“Black Vernacular: Architecture as Cultural Practice” by bell hooks reveals the complicated history of African-American architecture in the United States and the restrictions placed on it by the “politics of race, class, and gender” (148). The socioeconomic expectations of homes then, and now, continues to revolve around square footage as an indicator of class. In 2015, the U.S. Census Bureau released a report that announced the average new construction home was 1,000 square feet larger than in 1973. The display of class by house size and materials used in building represents a socioeconomic crisis for the lower class as demand for these homes increases.
I wanted to bring an image into my blog this week of a tiny house with its design and cultural aesthetic created by an African-American woman to complicate the desire for a cultural aesthetic that defies the restrictive boundaries of economic expectations of home design and ownership, but that also meets the “expected” aesthetics of middle- and upper-class housing. Jewel, aka Ms. Gypsy Soul, of North Carolina, designed her own tiny house and planned the interior design herself.
The tiny house movement has called into question the need for large physical space and the economic and environmental cost of appearing middle class. Tiny houses are typically under 500 square feet and some are even as small as 200 square feet. These houses are economical but also incorporate middle class (and upper class) design elements that showcase the owner in a more positive materialistic light. Granted, not all tiny homes are inexpensive (some do carry a heavier price of over $100k), but generally one can be acquired a tiny home for $30k.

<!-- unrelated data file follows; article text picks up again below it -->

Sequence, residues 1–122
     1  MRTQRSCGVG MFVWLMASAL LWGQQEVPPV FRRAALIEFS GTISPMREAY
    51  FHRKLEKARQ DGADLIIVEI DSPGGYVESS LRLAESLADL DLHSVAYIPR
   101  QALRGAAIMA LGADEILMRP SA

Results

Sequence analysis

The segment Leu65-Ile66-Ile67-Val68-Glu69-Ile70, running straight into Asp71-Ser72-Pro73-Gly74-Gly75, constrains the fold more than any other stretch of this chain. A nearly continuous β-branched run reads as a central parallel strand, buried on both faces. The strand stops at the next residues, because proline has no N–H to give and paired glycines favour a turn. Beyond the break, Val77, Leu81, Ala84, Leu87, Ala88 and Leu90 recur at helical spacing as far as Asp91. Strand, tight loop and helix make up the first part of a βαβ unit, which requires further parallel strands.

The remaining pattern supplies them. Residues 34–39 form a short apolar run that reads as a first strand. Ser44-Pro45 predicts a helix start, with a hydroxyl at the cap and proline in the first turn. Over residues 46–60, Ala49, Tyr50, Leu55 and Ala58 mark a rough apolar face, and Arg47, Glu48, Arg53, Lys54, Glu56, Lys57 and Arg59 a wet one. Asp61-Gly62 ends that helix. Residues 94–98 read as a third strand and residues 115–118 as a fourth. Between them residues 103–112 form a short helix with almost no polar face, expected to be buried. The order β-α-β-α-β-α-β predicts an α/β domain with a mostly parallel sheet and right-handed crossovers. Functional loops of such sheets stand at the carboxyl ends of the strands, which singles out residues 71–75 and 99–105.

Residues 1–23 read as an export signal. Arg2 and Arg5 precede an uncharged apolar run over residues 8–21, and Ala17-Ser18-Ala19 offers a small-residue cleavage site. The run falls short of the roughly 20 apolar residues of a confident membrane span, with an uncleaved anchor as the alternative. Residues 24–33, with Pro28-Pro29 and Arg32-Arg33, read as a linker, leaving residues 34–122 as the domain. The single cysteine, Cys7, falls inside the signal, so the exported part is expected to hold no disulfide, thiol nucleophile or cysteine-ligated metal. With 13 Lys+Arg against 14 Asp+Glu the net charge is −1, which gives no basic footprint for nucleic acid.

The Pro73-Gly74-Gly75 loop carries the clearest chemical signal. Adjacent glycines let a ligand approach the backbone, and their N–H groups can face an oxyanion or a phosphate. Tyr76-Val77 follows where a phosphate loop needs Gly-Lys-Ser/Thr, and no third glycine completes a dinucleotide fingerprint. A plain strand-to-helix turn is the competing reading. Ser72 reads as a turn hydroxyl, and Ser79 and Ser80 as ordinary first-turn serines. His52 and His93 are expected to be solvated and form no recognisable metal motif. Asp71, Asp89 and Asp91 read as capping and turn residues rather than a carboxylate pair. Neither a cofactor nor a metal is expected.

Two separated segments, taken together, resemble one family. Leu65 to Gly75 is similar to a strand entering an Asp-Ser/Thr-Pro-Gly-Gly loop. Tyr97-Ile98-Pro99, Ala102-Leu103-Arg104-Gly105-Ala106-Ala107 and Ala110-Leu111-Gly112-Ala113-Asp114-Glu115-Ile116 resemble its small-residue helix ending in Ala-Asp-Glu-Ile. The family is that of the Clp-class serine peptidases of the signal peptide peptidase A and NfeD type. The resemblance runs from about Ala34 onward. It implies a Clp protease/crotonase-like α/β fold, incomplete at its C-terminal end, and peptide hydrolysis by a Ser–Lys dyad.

They may not solve the issues of poverty, race, class, and gender, but they do at least begin to address class and poverty. Some tiny homes are built as temporary shelters for veterans and the homeless, others are used for years. While they can be built on physical land, those without land ownership can build/buy theirs on wheels.
A tiny house is typically showcased as having middle-class features of aesthetics: expensive granite (or quartz) countertops are smaller, making them more affordable, and flooring can be an expensive wood, laminate, or tile because the square footage needed is minimal. Custom ceramic farmhouse or deep stainless-steel sinks in the kitchen signal higher economic standing than the basic offerings most homes have. Small stainless-steel appliances (fridge and stove) are more affordable because of their smaller size. Large windows through the tiny house bring more light into the home at a fraction of the cost, but make the space look more upper class.
In addition to these aesthetics of interior design, the decorative pieces that can be included within a tiny house can reflect more expensive taste at a lower price tag because the quantity and size will be reduced. A large sofa set that would fit in a typical living room (approx. $3,000) would not fit into a tiny house, but a smaller leather couch (approx. $1,000) could fit and would save the owner on other furniture costs (armchairs, etc.) while retaining the aesthetics of upper class.
Tiny houses may be readily available, economic, and aesthetically pleasing, but they are not legal in most places and require a special ordinance to be recognized. This issue is particularly important to examine the connection with the expression of architecture by a culture of the population who needs more affordable housing.